© 2017 – Federation Press
Over the past decade, the High Court has repeatedly rejected the notion that there is a unifying principle of unjust enrichment at the plaintiff’s expense, in contrast to the position in the UK. This book provides a vigorous and sustained justification for the Australian position, and demonstrates that the law in the UK has generated more fictions than it was ever thought to abolish. The law of restitution is shown to comprise several fundamentally distinct legal concepts which fill gaps in the law of contract and tort, and which have nothing in common beyond the historical accident that they arose out of the action of indebitatus assumpsit. These are (i) the recovery of non-voluntary payments (by mistake, duress, undue influence, unconscionable dealing and total failure of consideration); (ii) remuneration for goods or services requested by the defendant in circumstances indicating a promise to pay for them; and (iii) the protection of certain facilitative institutions of private law (such as private property and fiduciary relationships). The book staunchly defends the traditional common law approach of analysing legal principles by the empirical method of treating like cases alike, rather than by derivation from supposedly unifying theories. This edition updates the first edition, which was published in 1998, in the light of almost 20 years of case-law and academic debate. It also adds a separate chapter dealing with the history of the law of restitution and why it matters.
This is the second edition of a work which was first published in 1998 to wide acclaim for its illuminating and penetrating discussion concerning the taxonomical possibilities of that area of law which is sometimes referred to as “restitution”. The initial edition added substantially to the identification of the structure of this area of the law in its various incantations. This second edition modernises the discussion by taking into account the ever widening divergence between English and Australian law and the vigorous eschewing by the High Court of any unifying or underlying principle. …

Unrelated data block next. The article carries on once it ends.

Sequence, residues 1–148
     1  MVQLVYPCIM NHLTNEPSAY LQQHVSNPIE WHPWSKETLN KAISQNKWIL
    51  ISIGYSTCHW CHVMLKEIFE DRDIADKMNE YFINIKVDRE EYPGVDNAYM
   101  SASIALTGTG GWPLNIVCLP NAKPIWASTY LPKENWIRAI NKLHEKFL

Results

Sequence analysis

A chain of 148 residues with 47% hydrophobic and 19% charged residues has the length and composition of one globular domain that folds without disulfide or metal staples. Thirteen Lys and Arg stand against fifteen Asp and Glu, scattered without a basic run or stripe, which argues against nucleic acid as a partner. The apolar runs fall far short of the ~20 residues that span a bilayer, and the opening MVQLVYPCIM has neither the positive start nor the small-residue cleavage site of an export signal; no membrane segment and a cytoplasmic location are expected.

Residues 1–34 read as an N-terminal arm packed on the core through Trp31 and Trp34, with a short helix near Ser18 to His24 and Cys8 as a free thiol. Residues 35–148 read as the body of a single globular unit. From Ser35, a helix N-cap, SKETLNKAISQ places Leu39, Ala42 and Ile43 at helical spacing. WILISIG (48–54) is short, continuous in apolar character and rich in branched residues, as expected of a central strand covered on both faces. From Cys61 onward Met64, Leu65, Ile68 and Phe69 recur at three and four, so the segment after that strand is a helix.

It matters not on which side of the debate one positions themselves in relation to this book. It is, without doubt, an excellent contribution to the process of understanding the diffuse structure of the law in this area. It directly confronts the arguments advanced for the “unifying principle” approach and posits a strong, but measured, defence of the existing Australian position. It explains and analyses a difficult and abstruse area of the law and, in the process, assays the modern cases in an intelligible and comprehensive way.
Queensland Law Reporter – 31 March 2017 –  12 QLR
Table of Cases
Table of Statutes
2. The History of Restitution and Why It Matters
3. Mistaken Payments
4. Duress, Undue Influence and Unconscionable Dealing
5. Payments Made on a Total Failure of Consideration
6. Voluntary Provision of Benefits in Kind
7. Non-Voluntary Provision of Benefits in Kind
8. Restitution for Wrongs
9. Proprietary Claims and Proprietary Remedies